To enable these operational processes within the hub, six key technology enablers are required.
Technology enabler 1 | Automated access, tire, load, and truck check—The autonomous hub utilizes automated access management—trucks are registered before freight delivery or if a charging slot has been booked within the hub. In addition to installation of cameras, appropriate freight tags and load checks can ensure and validate digital check-in and -out of trailers. Physical barriers also ensure the operation within an enclosed area—assuring “private” operations from a legal perspective. While automated access solutions with license plate recognition or tire and load check systems are mature and commercially available, the challenge will be to set up the system interfaces—especially to third-party operators.
Technology enabler 2 | Trailer yard, including automated coupling—Within the autonomous hub, a pure tractor / trailer fleet is assumed—which reflects the dominant vehicle combination for inter-city transport within Europe. Within the trailer yard of the autonomous hub, non-autonomous and autonomous tractors can place full trailers in dedicated parking slots and onboard preloaded trailers directly. That way, dwell time in the yard for a particular truck is minimized. Automated coupling technologies, which are already available on the market, ensure automation of secondary activities such as pulling a fifth-wheel lever to open, letting down supporting legs, and plugging in the cables for ABS/EBS, air, and electric coupling of the trailer. Legislation may need to be further adapted so that the teleoperator is able to remotely control the automatic wheel wedges from the teleoperation center. The trailer yard has a dedicated routing system to ensure efficient and safe maneuvering. Supervision via cameras is secured to document damages.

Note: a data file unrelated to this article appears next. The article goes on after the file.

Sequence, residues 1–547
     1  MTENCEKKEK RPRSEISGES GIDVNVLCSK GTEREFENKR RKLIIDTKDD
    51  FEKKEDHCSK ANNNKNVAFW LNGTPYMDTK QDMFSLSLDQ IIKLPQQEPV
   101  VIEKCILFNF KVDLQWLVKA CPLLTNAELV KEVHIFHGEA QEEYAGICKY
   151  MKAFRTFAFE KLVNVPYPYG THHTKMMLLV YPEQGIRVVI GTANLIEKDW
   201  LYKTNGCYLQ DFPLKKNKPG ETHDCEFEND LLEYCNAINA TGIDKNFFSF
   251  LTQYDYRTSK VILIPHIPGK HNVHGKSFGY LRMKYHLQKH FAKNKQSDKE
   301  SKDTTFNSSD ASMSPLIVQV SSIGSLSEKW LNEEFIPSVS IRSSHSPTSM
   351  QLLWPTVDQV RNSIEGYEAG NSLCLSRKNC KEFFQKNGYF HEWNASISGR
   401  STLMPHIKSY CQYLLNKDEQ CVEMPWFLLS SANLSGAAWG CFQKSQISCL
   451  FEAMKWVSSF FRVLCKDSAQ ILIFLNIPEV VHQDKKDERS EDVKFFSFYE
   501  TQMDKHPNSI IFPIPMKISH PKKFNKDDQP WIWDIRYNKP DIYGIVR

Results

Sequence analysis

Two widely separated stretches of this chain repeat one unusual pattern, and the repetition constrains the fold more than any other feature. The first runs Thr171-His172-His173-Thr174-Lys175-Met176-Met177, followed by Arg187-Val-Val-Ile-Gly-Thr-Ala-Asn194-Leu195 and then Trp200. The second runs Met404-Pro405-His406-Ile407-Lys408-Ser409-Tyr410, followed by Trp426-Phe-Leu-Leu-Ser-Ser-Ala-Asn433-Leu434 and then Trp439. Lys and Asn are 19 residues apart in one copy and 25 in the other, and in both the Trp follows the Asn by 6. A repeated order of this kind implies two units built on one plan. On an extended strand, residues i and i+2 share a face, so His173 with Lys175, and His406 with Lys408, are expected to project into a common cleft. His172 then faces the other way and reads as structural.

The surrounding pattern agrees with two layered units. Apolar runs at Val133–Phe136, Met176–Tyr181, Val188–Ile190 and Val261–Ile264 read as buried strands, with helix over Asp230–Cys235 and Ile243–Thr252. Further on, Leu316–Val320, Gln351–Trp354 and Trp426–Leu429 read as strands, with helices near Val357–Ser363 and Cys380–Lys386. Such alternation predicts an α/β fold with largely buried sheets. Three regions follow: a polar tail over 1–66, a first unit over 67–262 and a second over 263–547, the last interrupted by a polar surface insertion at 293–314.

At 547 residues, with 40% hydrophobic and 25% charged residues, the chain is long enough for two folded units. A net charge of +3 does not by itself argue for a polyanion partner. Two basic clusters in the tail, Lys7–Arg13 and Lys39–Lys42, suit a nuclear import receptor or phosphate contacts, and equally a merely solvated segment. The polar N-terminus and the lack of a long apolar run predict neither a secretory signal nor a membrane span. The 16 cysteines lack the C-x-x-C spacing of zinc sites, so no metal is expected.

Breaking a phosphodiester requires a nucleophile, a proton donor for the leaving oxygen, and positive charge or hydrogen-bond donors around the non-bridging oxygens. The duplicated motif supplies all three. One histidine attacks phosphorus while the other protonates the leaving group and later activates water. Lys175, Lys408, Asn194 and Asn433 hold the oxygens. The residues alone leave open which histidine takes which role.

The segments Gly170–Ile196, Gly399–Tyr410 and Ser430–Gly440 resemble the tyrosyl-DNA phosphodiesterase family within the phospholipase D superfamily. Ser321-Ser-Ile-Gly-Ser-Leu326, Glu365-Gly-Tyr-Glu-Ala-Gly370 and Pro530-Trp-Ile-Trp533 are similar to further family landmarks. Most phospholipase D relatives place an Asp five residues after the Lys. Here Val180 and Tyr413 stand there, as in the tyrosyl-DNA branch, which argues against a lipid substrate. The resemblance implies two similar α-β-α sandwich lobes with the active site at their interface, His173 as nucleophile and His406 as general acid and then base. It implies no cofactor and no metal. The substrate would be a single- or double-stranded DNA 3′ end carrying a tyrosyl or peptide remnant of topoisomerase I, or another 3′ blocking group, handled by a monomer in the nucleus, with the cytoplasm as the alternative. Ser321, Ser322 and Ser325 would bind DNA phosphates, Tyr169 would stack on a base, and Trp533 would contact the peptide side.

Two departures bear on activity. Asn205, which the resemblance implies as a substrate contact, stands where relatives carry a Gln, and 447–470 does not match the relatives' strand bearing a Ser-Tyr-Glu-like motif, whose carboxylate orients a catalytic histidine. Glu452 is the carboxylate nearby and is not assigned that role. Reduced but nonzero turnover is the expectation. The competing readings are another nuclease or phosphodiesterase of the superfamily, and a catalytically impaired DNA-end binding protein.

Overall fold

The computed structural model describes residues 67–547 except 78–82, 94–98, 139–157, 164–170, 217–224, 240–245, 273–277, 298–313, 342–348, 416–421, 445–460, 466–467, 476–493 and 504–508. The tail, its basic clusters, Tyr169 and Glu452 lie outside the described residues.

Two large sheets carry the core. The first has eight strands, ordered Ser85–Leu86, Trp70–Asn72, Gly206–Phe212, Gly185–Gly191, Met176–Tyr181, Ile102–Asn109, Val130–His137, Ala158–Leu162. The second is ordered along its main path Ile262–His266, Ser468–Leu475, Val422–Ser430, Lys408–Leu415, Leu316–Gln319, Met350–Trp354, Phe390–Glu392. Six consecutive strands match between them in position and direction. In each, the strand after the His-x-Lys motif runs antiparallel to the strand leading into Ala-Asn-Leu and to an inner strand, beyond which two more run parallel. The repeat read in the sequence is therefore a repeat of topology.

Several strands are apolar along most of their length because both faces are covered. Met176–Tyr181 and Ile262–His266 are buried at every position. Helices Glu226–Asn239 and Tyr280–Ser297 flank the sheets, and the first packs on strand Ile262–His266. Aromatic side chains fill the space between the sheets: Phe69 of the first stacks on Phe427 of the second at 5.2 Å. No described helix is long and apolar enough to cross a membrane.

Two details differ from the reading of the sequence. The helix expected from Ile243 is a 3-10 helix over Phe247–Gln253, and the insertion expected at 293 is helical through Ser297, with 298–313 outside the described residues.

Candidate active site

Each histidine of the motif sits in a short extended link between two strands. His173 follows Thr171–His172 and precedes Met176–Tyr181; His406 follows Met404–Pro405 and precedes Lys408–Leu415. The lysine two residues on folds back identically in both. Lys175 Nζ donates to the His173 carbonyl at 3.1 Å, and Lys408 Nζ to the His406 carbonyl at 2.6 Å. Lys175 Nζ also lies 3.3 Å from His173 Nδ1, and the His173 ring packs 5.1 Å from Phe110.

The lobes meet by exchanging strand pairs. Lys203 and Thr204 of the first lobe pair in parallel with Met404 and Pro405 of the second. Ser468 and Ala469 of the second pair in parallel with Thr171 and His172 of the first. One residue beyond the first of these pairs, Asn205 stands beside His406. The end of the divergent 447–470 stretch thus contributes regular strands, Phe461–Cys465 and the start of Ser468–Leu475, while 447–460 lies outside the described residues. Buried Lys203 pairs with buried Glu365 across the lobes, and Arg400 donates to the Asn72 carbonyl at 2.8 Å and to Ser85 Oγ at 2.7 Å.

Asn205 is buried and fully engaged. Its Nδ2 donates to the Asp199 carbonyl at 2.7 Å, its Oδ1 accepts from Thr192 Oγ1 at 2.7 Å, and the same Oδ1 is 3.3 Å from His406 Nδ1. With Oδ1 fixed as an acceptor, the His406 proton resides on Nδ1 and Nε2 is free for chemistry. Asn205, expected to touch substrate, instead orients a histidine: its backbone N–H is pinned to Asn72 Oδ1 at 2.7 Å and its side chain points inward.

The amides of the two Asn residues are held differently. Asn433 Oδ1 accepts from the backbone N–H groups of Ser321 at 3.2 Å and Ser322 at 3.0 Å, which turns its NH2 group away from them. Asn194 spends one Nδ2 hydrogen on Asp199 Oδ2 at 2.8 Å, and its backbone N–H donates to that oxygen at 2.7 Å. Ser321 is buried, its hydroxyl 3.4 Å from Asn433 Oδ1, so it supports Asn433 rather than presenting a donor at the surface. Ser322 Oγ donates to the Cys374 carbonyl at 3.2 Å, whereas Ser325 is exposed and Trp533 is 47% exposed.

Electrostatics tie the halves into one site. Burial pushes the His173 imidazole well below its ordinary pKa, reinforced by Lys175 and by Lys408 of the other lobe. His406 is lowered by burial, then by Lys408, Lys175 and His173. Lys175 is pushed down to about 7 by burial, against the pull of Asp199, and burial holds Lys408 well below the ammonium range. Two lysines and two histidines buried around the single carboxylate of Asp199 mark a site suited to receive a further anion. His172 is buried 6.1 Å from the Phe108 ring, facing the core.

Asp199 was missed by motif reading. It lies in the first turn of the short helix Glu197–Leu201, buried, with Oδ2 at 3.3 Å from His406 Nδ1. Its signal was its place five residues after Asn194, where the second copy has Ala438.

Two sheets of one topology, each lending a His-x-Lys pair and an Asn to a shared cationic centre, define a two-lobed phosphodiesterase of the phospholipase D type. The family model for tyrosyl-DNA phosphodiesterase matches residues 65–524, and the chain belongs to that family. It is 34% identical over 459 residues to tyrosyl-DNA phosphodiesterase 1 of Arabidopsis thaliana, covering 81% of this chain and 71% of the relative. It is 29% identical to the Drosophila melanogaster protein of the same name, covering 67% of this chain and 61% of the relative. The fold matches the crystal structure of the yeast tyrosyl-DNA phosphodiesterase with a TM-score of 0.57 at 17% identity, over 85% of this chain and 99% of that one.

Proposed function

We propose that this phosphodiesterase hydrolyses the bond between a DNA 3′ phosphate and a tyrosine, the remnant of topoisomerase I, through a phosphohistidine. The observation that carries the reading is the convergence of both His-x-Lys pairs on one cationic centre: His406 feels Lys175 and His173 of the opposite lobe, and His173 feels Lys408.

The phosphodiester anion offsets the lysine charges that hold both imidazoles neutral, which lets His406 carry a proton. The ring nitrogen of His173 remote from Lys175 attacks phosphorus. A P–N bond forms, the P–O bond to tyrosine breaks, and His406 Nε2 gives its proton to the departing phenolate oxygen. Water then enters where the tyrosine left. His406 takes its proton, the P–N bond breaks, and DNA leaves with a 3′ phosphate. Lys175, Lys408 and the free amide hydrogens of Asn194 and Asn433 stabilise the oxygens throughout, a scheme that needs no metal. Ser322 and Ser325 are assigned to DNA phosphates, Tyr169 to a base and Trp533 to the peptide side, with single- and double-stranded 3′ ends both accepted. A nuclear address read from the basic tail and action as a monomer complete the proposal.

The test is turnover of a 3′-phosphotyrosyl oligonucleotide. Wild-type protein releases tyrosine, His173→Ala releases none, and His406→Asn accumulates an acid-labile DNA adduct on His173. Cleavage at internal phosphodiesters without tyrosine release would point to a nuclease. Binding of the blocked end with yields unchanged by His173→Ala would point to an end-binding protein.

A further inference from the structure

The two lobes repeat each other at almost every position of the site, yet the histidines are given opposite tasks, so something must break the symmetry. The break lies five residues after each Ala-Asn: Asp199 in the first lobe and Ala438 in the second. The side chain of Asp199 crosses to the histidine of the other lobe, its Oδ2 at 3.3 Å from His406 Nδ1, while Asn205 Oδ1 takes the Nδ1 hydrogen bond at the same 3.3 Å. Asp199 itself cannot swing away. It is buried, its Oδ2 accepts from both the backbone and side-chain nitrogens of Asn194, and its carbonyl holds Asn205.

Automatic coupling systems are paving the way towards autonomous driving on-yard as well as on-road, as they reduce manual actions to a legal limit, increase safety, and save costs.